Good Egg

Seattle, 1987 an old stone church somewhere around Capitol Hill: I woke up. 
My first job out of high school I worked as a freelance television production field assistant for David, a producer who had, what was called, “an account” with CNN.  David had a working relationship with the network to provide feature stories from the Northwest corridor that included Northwest Oregon, Washington and Alaska.  It was one of the most life changing jobs I ever held.  One experience I had in the field has recently resurfaced in my thoughts.  It has made me consider the heavy responsibility writers, communicators, reporters and producers have to the public.
Me and the Bates Quad Tape Machines,
possibly cueing up some Paul Anka
KBTC TV, Tacoma
I first met David in the hallway at my school, L.H. Bates Technical located in downtown Tacoma on Yakima Street.    David was looking for an assistant, gave me his card, I took the job.  It was brilliant on-the-job training while I finished up my degree.
David had a small upstairs office off Broadway, above a restaurant called “The Good Egg”, just a block or so down from the QFC Grocery.  Nothing glamorous, as you may think.  It was a lonely gray room, bare walls and the only office furniture was shelves that held the tape library, two desks and two chairs.  One desk had a ¾ inch tape editing system on it, the other had stacks of papers and the only good chair. When I was called in for a shoot, THIS was headquarters.  Running downtown 20 minutes from my home in south Seattle, I never had a place to sit.  That was fine because I never was there for more than a half hour at a time.  Headquarters to me was the place to load up the car for a shoot with boxes of tapes, batteries, the lighting kit and mics, nothing more.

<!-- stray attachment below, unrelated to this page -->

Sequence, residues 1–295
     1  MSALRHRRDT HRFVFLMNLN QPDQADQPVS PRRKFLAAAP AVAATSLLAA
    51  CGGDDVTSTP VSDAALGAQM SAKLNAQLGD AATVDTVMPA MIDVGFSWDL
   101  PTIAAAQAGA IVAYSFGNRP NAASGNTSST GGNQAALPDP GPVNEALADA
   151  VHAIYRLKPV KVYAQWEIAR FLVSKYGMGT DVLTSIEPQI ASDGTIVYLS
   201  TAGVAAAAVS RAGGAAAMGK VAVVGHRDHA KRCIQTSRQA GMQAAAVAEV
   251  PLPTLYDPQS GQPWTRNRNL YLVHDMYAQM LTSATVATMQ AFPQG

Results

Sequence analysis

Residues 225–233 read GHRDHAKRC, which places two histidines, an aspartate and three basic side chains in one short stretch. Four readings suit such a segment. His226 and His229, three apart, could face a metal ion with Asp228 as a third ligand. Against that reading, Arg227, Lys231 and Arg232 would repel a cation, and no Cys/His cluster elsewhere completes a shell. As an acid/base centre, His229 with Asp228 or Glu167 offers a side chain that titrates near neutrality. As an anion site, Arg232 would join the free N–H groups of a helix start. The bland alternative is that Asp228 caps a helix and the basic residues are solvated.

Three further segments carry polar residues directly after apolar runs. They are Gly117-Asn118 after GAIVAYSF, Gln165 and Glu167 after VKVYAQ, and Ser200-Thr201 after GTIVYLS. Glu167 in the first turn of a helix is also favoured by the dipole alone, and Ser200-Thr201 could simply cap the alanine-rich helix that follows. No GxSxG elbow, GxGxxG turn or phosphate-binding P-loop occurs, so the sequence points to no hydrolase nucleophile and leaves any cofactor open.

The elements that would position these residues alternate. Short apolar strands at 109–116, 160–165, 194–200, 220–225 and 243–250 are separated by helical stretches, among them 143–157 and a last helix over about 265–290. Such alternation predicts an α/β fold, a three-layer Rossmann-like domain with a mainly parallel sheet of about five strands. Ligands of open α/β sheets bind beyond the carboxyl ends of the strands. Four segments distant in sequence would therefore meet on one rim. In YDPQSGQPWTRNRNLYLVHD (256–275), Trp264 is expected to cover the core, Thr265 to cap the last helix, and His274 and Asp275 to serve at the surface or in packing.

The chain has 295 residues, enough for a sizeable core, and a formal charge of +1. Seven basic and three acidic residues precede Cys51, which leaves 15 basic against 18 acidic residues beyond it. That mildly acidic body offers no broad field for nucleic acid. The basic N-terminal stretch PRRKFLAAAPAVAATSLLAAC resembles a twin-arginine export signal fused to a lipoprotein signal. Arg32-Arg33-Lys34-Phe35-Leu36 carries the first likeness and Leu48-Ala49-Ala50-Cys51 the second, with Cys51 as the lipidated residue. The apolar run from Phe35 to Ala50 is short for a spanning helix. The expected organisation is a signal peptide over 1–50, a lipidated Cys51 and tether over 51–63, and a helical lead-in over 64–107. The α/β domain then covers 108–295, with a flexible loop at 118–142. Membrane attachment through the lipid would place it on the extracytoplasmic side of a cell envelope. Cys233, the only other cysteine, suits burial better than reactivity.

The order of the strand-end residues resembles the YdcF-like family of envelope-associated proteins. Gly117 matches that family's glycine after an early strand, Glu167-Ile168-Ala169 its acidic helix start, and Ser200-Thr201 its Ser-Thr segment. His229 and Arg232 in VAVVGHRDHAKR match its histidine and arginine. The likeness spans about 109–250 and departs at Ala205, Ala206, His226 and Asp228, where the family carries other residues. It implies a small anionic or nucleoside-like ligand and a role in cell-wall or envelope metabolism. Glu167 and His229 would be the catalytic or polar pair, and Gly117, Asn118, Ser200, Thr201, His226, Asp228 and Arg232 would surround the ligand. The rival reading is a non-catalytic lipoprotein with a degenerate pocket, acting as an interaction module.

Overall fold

One half of a Sony 3/4 inch editor
One day I was called in to do errands.  When I arrived David was reading a newspaper, from a stack at least a foot thick.  He gave me a list of places to purchase new tape stock, ship some things out, and an order for lunch and mochas.  When I returned, he was more than half way through the pile, as he gleamed each page for future features he wanted to cover. 
“This is how it starts,” he told me, “research.”  His job seemed boring and tedious.
Many of the stories we covered were moving,  but none more than the musician   It was one of my first assignments.  A standard shoot: interview and B-roll.  Usually, I did not know what we were shooting until the drive over.  This evening David was covering a local musician who was performing at an old church.